Deep Breath, Democrats, Change Takes Time and Work

Deep Breath, Democrats, Change Takes Time and Work
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What: you didn't expect change to be instant, did you?

You didn't expect Rome to be reconstructed from vast and prolonged ruin---political, economic, financial, social, ethical-moral ruin---and restored to running like a top in just one, 365-day year? Did you?

It seems many on the left did---too many. Judging from the lamentations, ranging from cries of disappointment to anguished claims of betrayal, the perception is building that the Democratic base is bailing out on Barack Obama. Moreover, the perception grows that the base is bailing, not quietly, but in anger: "I worked like a crazy for the Obama campaign and then he sells out by [fill in the blank: selling out to Wall Street, caving on the public option on healhcare, extending in Afghanistan]. This is not change I can believe in. I'll never, never, never work for the guy again---in fact I won't even vote for him again!"

And that's the "love" on the left. On the right, despite Mr. Obama's many attempts at bipartisan cooperation, the Republicans have united in total obstructionism and, taken over by their extremists, created a wall of very noisy anger.

And now, yesterday's Republican upset in Massachusetts for U.S. Senator (Scott Brown), who won vowing to "kill" Mr. Obama's healthcare plan, stop out-of-control spending, and score one for "the people."

Likewise the media is post-honeymoon and into judgment, with sting. "Wimps or Warriors" is the title of a recent analysis piece in The New York Times about Obama's performance as commander-in-chief. Driven by the meme of the moment---recall all the chin-pulling about Obama's first 100 days?---the media these many memes later now are compelled to render a final grade. The cover of this month's Foreign Policy shows Obama and Jimmy Carter with an equals sign (=) in the middle. Remembering that it's a scholarly journal, it fudges its verdict with the caption, "Well, maybe."

But: It's way too early for verdicts, especially final verdicts. After all, today we are celebrating---or should be---the first anniversary of Mr. Obama's Inauguration. Inauguration = beginning, starting, commencing. Remember the euphoria on the Mall that wintry day one year ago? Despairing for America's ruination inflicted by Bush-Cheney, we yearned for the "transformative" change Mr. Obama spoke of. Yes, there's been a falling-off of that euphoria since then, but how could great expectations not dim upon meeting reality?

Which reality just got far more complicated with the Massachusetts game-changer.

Deep breath, Democrats: Instead of sputtering in anger, going limp, or quitting the field, we need to get back to our posts, lower the temperature, take the long view, applaud Mr.Obama's achievements to date, and push back---hard---at the Republicans.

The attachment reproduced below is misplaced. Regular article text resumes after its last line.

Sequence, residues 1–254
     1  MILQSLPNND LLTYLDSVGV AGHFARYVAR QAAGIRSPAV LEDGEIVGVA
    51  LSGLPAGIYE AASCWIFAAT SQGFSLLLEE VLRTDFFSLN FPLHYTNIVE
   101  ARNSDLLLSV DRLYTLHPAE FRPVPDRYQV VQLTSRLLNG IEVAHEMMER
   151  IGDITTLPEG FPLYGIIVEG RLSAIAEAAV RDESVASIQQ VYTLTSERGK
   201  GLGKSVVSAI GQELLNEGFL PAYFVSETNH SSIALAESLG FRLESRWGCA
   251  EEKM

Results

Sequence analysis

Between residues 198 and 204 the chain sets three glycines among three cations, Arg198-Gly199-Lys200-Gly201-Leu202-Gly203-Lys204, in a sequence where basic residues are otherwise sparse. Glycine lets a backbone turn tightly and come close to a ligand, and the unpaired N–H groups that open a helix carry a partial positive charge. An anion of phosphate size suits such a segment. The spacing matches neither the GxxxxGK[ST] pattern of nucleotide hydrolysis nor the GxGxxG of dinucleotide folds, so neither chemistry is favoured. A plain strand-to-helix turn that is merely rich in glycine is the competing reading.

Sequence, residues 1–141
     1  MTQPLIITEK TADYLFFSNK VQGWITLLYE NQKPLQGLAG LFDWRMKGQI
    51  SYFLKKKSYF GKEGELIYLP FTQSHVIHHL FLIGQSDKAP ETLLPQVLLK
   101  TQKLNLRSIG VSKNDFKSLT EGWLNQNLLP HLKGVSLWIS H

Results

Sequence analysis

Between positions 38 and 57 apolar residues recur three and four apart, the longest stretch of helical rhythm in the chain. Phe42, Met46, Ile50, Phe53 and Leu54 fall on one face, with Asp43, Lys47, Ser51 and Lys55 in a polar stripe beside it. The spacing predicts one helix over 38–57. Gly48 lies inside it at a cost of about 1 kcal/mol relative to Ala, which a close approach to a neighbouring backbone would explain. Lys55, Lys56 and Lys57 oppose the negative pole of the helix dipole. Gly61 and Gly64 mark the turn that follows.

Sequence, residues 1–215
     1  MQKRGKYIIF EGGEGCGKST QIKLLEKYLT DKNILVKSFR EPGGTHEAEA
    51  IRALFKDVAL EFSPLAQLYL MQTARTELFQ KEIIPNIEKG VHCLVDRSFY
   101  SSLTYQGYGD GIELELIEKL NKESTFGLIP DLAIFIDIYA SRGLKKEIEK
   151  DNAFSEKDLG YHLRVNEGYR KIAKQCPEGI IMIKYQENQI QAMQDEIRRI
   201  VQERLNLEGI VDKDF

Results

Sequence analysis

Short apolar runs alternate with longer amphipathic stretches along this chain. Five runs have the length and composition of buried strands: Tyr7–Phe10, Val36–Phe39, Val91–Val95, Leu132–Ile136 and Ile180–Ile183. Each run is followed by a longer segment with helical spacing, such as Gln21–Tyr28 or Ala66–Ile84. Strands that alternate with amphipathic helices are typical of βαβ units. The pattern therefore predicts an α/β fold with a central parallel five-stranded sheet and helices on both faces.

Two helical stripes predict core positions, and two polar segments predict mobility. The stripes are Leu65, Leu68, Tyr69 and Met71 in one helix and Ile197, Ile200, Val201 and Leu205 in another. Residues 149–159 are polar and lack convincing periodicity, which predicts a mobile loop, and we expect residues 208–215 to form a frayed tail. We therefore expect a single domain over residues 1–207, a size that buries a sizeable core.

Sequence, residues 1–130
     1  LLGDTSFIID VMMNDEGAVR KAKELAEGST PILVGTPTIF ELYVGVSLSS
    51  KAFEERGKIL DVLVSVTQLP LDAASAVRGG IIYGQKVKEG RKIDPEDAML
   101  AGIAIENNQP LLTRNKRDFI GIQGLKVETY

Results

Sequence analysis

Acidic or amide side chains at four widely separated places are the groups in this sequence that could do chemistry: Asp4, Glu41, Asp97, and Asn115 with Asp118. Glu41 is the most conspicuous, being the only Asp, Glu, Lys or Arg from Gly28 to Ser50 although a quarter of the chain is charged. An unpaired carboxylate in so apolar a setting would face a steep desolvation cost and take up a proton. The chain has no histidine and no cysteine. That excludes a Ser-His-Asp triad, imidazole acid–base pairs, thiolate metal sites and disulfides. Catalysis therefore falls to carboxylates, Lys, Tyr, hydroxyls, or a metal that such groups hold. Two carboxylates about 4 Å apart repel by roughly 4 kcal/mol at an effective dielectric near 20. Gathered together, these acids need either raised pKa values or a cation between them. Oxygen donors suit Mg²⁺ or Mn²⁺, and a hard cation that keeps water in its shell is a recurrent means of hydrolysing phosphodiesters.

Equally important, we need to hang in there and, as ally and/or goad, push Mr.Obama. Course-correction is now required, and the left can be helpful to Mr. Obama---or not.

Because of all the anger, Mr. Obama's real achievements to date have been obscured. His push for massive healthcare reform, if it passes---now a very big if---would be truly historic social legislation. He has reset America's relationship with the world, notably the Muslim world, restoring diplomacy to pride of place. Immediately upon entering office he declared America no longer tortures and will abide by the Geneva Conventions, returning us to rule of law and restoring our moral authority. He is winding down the war in Iraq and---to the ire of the left---extending the one in Afghanistan, but campaigning he did vow to refocus on this "necessary" war and in his West Point speech he stressed an exit in the near-term; let's keep him to it. Educators are enthusiastic about his "Race to the Top" plan, and the auto industry, following a "government takeover" led by Mr. Obama, reportedly is impressed with government's redesign.

And he's done all of this in a collapsing economy!

Which points to his enormous achievement---a near-miracle, really: Thanks to Mr. Obama's policies, the economy has slowed its juggernaut to the cellar and does not today have us in the apocalyptic bends it did a year ago. Remember those nauseating bends? That was an economy about which its former chief custodian, George W. Bush, said upon learning the credit markets were about to crash---weeks before the '08 election---"This sucker could go down." And it did---just as the Republicans left office and Obama came in.

Unlike Franklin D. Roosevelt who took office at the bottom of the Great Depression, Obama came in at the beginning and, like a bronco rider, will have to ride it out. To slow the descent, he's thrown hundreds of billions of dollars into stimulus and bailouts programs---action which again is working: the descent has slowed---meanwhile Republicans howl about "exorbitant spending" and out-of-control deficits. Talk about double bind: Mr. Obama is trying to repair the ruin caused by the Republican wrecking crew. Forget "transformative change," we're still in damage control. Making it a triple bind, Republicans are quick to remind Democrats they "own" government now and insist on no "blame game"---and Democrats oblige, in the mistaken notion that taking ownership of the ship of state means not mentioning to the seller that the hull is cracked. No more! Republicans talk responsibility and Democrats need to make them take it.